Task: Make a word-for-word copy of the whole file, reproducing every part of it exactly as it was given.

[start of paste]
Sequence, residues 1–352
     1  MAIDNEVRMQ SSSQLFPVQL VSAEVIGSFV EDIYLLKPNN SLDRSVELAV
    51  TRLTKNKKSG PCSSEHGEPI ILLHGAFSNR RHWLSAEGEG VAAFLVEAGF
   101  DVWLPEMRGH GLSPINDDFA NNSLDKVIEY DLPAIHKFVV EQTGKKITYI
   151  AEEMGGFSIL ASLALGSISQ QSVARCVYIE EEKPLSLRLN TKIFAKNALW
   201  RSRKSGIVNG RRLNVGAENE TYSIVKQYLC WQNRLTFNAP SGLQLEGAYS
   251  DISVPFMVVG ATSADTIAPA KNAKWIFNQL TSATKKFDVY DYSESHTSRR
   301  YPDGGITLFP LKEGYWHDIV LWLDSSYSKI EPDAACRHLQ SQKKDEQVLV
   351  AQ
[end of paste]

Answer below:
Sequence, residues 1–352
     1  MAIDNEVRMQ SSSQLFPVQL VSAEVIGSFV EDIYLLKPNN SLDRSVELAV
    51  TRLTKNKKSG PCSSEHGEPI ILLHGAFSNR RHWLSAEGEG VAAFLVEAGF
   101  DVWLPEMRGH GLSPINDDFA NNSLDKVIEY DLPAIHKFVV EQTGKKITYI
   151  AEEMGGFSIL ASLALGSISQ QSVARCVYIE EEKPLSLRLN TKIFAKNALW
   201  RSRKSGIVNG RRLNVGAENE TYSIVKQYLC WQNRLTFNAP SGLQLEGAYS
   251  DISVPFMVVG ATSADTIAPA KNAKWIFNQL TSATKKFDVY DYSESHTSRR
   301  YPDGGITLFP LKEGYWHDIV LWLDSSYSKI EPDAACRHLQ SQKKDEQVLV
   351  AQ